An American soldier who fought in WWII and some of the prisoners he helped liberate from a Nazi concentration camp were reunited Monday when the veteran was honored for his service.
Ed Royce Sr., 91, was 20 when his Army unit freed nearly 68,000 prisoners from Germany’s Dachau concentration camp in April 1945.
On Monday, Royce received the Distinguished Service Award from the Simon Wiesenthal Center at the Museum of Tolerance for his part in that defining moment.
“I remember it like it was yesterday,” Royce said.
So do Morris Price and Albert Rosa, who were both imprisoned, malnourished, tortured and marked at when the first Americans walked through the gates of the notorious concentration camp.
“I used to pick up the people from the gas chamber and take them to the crematorium,” Rosa said.
The brutality of what he was forced to do is fixed in his mind. Rosa is the sole survivor of his Greek family of 70.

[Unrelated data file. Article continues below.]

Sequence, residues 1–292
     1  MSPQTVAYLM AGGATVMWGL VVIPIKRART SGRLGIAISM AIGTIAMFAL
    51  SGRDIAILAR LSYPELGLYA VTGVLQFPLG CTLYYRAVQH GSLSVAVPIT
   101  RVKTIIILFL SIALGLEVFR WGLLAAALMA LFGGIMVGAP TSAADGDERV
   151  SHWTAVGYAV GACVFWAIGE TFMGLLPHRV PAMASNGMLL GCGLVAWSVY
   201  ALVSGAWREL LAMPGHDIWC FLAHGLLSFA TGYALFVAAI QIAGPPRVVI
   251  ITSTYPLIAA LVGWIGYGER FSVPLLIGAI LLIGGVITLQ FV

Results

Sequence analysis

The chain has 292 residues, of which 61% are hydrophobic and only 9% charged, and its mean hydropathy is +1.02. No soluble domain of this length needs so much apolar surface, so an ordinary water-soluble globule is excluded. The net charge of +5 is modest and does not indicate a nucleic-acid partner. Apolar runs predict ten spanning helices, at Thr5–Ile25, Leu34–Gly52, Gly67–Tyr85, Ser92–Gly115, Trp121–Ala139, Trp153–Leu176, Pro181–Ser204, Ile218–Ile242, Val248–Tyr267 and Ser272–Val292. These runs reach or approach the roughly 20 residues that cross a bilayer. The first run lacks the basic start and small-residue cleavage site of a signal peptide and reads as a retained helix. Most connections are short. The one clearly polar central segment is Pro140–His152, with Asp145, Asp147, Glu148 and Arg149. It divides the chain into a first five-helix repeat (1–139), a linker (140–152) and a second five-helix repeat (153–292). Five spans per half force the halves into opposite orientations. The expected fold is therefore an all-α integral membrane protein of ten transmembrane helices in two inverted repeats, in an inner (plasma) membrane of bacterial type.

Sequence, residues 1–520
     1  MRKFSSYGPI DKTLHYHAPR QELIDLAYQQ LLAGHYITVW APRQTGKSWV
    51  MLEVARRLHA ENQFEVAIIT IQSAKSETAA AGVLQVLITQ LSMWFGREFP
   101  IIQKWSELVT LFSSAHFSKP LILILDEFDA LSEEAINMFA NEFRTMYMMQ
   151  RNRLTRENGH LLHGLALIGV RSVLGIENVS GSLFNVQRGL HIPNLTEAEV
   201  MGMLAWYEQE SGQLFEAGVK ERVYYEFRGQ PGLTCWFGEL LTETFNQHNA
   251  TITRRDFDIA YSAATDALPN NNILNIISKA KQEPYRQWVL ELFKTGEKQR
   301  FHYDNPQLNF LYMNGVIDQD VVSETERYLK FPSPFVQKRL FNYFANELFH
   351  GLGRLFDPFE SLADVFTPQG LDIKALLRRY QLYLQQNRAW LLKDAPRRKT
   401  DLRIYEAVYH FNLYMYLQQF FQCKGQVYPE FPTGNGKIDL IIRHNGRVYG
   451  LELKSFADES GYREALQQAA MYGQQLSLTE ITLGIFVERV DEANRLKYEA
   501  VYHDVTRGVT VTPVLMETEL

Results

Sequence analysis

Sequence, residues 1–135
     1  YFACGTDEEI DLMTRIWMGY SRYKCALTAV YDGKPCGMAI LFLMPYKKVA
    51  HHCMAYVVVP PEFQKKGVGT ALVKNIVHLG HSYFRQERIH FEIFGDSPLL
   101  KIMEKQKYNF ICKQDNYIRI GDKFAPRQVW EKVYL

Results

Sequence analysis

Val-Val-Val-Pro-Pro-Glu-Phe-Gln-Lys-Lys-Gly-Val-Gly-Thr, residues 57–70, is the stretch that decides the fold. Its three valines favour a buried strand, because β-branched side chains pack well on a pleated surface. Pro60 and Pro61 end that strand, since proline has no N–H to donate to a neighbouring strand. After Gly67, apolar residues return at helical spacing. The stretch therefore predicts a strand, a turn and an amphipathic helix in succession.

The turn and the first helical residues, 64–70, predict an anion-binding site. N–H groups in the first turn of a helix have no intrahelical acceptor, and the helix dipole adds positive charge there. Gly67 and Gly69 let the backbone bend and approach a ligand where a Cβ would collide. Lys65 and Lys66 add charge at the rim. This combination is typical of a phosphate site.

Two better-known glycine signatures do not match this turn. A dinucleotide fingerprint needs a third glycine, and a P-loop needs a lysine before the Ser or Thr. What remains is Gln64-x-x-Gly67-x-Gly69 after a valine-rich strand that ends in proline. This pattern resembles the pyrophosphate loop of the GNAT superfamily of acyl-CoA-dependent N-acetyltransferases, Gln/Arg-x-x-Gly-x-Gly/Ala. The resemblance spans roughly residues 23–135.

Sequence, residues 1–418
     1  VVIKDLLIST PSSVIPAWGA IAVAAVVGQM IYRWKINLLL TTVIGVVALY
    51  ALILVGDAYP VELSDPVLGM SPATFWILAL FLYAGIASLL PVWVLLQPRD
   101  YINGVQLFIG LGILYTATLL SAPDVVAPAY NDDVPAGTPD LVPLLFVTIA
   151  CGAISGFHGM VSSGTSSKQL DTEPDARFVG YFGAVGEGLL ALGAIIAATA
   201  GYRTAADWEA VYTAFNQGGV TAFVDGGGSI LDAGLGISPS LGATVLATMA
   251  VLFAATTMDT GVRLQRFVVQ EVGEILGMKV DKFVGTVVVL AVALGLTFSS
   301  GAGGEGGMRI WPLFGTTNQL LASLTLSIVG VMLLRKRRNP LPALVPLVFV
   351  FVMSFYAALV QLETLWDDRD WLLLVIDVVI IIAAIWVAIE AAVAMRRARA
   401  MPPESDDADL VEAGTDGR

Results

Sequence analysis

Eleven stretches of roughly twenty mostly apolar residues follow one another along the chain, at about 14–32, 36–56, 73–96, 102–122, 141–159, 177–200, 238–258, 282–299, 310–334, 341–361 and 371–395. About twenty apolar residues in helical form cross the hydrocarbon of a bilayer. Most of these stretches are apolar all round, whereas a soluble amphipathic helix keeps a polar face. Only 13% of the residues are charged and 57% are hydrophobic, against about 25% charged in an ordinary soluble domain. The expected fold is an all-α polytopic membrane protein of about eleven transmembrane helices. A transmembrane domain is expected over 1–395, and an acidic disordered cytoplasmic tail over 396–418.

“I saw (my) sister beat to death because I was talking to her behind the fence, and I saw my brother hanged,” Rosa said.
Royce’s son, the California congressman of the same name, values the meaning of that event six decades ago.
“It’s also a reminder, as my father says, that when someone is talking about exterminating a race, when someone is trying to incite people in order to exterminate a race of people, there's a very clear precedent,” he said.
When asked what the meaning of freedom is, the older Royce and the men he liberated said it was about educating younger generations and continuing to fight hatred.
“It also means you have to be responsible and know what's going on and draw the right conclusions,” Royce Sr. added.
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